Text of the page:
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How to size a PV array


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Hi all

 

Based on the very helpful advice on this forum, I have decided on a system. I will be getting a Sunsynk 5kW hybrid inverter and I have already bought a PylonTech US3000C on a Black Friday special.  I am happy that this part of the system is adequately spec'd for my needs.

 

How do I size the PV array? I cannot seem to find much guidance on this, other than get 5kW of panels to match the 5kW inverter.  Is this all there is to it? Does it need to be "overspec'd" to cater for weather/seasons? I don't want to to go overboard and then have too much surplus that I cannot use, spending more than required. Under spec'ing results in reduced potential savings. How does one find the balance? 

 

I am in Pretoria. My roof is 45 degrees, facing NNW. Shade is not a problem at all, at any time of the day.

 

Any advice on how to go about sizing the array?

 

Cheers

Craig

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Basic random thoughts that can hopefully get you started. Start with assessing your electricity needs. How many units (kWh) do you use per day, throughout the week or over a month? How much in winter vs summer? At what times of the day? If you don't have it measured, track back through the last year's bills. How is it likely to change in the future? Can you optimise any household consumption before buying panels?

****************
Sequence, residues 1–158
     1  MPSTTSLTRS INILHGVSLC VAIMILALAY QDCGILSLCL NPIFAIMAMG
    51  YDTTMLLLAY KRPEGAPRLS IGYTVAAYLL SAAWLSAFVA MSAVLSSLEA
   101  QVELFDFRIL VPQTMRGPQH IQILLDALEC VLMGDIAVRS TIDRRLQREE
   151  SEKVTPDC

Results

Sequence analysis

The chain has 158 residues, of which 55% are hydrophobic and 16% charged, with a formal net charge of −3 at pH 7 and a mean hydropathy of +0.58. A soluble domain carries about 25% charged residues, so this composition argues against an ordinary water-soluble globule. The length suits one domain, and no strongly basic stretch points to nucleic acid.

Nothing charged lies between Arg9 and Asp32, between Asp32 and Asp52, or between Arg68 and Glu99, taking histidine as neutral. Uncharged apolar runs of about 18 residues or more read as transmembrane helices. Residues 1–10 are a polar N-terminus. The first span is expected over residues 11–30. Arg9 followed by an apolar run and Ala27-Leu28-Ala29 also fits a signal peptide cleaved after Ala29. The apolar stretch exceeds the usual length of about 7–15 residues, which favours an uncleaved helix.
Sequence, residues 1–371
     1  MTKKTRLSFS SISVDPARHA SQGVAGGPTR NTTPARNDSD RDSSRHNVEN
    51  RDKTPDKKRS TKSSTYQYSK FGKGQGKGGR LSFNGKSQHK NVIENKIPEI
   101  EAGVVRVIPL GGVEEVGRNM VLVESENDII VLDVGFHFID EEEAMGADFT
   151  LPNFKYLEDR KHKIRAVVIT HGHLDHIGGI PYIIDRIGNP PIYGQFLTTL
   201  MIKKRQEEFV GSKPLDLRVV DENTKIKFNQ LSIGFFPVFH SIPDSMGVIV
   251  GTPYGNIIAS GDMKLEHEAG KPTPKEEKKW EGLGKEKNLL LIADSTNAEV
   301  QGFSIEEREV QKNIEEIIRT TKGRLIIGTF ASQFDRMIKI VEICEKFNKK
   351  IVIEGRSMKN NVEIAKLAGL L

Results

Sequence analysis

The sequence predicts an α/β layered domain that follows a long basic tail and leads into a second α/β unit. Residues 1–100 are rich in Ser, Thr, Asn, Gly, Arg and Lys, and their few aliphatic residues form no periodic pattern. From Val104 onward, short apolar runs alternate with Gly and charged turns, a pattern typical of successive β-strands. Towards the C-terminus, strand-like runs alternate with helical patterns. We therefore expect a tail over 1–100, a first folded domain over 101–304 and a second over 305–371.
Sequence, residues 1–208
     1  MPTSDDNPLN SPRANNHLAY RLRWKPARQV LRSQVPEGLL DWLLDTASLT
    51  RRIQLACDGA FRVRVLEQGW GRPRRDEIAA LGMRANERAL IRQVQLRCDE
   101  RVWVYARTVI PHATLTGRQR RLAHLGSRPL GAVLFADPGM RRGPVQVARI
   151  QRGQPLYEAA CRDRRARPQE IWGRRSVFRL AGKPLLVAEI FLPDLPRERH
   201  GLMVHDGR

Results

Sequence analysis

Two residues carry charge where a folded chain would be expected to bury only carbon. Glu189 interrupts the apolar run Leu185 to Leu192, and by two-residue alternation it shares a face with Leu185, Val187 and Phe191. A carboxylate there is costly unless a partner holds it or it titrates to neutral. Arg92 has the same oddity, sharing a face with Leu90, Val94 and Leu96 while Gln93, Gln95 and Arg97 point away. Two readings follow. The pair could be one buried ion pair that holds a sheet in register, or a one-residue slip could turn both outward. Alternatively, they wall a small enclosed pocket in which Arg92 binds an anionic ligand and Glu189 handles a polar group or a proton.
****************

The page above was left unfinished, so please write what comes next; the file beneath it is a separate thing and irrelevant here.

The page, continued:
Consider the aesthetics of upgrading with newer panels in the future that may not match the look, specs, size or age of what you're getting now.

Will you be going off-grid, in which case more is better.  Will you be grid-tied, in which case, don't exceed municipal requirements for your home's supply.

Dark cloudy days can reduce output by 80% or more. Can't really put up enough panels to compensate for that.

Read the manual to confirm the maximum power & voltage limits your inverter can handle and do not exceed it. Consider the maximum input on each MPPT individually and consider a panel size that will divide evenly into that number. Assuming the panel price is within reason. 

Your 45 degree roof angle means you're more or less optimised to generate maximum power in Winter, but will sacrifice summertime generation. Try to find an online solar calculator to tell you by how much, then get more panels to compensate if needed. 

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Thanks for your response Vassen.

 

Thanks for the max PV size the inverter can handle. I suppose that is the ultimate (but costly) objective.

 

Objective of system: Cost reduction, minimise electricity bill.  I do not want to go off grid, I am happy to use Eskom to supplement.

The wife wanted loadshedding backup, which is why I got the battery. I am undecided on whether to cycle the battery daily.  It's just enough (or maybe just short) to get us through the night on essentials only. We'll get another battery when funds allow, short term objective was to keep lights on for loadshedding.

Peak loads, unmanaged, isn't more than 7kW. Generally we are well under 5kW. I am looking into the deep hole of home automation to explore ways of moving peak load to peak PV generation time. Peak loads include geyser, pool pump and dishwasher, all can be programmed to run when optimal. The wife is open to managing peak loads when the system is installed (check the monitor before putting the kettle on kind of thing). Idle essential load is <250W.